The city celebrates a 34-year Independence Day tradition.
Sixteen years ago, Dick Crockett, the executive director of the Edina Community Foundation, brought his granddaughter with him to Edina’s Fourth of July Parade. Resting her on top of his shoulders, she waited with anticipation of what was to come. Feeling the deep bass of the drums from a distance and listening to the cheering voices of parade goers, he heard her soft voice say, “Maybe it’s a birthday party.” In fact, it was a birthday party—a birthday party for the country.
Bringing generations together, Edina’s Fourth of July Parade is more than just a stroll through the city. It’s a way of bringing people together to strengthen and celebrate the community.
“There isn’t a better way to celebrate our community than bringing together 1,000 parade participants and over 10,000 parade observers,” says Patty Dronen, the co-chair of this year’s parade team. “Bringing together the variety of groups that we do—from school and church groups to marching bands to costumed characters to political candidates and sports teams—exemplifies [our] strong commitment to all things Edina.”
“The last couple years have proven that no matter what is sent our way, the community can come together to celebrate,” Dronen says.
Historically, Edina used to hold a Memorial Day parade rather than an Independence Day parade. Unintentionally established in 1988, the city put on a Fourth of July parade as a part of the Edina centennial commemoration. Recognizing how amazing the event was, city council members decided to make it a regular holiday event in subsequent years.
The first parade was held on Wilson Road—the street connecting the community center to the former Perkins restaurant. And who was in the parade? “It was community groups; kids on bicycles, tricycles and wagons; and it was the community just getting out and having fun,” says Mary Brindle, a member of the parade planning team, who has been involved with the committee since its inception. Today, the parade’s route runs from City Hall all the way to 50th and France.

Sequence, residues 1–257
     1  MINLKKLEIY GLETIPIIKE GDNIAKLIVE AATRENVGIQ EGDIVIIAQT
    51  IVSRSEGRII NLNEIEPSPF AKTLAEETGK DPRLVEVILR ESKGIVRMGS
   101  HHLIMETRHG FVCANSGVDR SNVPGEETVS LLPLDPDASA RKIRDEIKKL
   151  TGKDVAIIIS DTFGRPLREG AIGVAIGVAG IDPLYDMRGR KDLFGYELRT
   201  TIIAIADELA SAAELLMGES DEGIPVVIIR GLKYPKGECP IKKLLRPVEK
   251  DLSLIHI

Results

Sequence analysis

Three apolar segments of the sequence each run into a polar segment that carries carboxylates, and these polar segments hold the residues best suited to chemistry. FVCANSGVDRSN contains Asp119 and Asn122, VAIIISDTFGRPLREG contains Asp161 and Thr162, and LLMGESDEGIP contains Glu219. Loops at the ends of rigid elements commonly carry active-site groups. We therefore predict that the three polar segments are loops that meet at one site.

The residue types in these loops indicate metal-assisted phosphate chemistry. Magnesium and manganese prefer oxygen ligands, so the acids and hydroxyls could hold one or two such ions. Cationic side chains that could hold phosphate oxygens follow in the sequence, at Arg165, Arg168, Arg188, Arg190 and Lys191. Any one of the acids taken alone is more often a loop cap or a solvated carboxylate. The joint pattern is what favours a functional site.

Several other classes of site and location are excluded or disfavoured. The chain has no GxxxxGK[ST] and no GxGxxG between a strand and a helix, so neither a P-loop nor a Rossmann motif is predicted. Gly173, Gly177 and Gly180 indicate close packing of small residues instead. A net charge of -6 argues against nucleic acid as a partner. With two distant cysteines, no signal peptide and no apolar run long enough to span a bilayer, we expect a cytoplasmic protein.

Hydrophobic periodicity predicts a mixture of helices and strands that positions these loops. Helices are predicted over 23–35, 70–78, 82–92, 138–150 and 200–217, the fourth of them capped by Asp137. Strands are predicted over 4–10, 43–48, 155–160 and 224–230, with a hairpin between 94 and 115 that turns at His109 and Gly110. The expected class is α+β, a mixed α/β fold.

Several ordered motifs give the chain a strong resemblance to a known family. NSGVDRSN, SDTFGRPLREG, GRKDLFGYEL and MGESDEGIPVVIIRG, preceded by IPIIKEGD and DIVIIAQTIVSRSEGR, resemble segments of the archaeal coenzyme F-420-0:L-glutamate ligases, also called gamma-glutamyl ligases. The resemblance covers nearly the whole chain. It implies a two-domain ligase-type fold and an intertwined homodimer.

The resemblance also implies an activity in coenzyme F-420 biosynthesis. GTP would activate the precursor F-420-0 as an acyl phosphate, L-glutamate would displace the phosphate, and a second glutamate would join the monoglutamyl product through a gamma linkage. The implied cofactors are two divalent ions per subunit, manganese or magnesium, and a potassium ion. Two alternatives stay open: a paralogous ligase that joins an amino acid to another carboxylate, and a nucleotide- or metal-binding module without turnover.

Brindle loves to watch the anticipation grow. Every year, an array of towels, picnic blankets and lawn chairs line the curbs and lawns of the community days before it even starts. “That is the ultimate compliment: that people are so excited that they are going to get out there days before the parade,” Brindle says.
Come the big day, Brindle says it is also gratifying to see how many people show up for the event, both on the sidelines and as a part of the show. There are nearly 1,000 participants, between the grand marshals, veterans, community officials, sports teams, organizations and entertainment bands alone. Plus, the entire parade team is made up of volunteers. However, “the people of the sidelines are a reflection of the people in the parade,” Brindle says. “They are the community; they are the cheerleaders.”
“We have a mission [at the Edina Community Foundation] of bringing people together to serve, strengthen and celebrate the community, and this parade touches all of those bases,” Crockett says.
2022 Edina 4th of July Parade
10 a.m.–12 p.m. 50th St. S., from City Hall to Halifax Avenue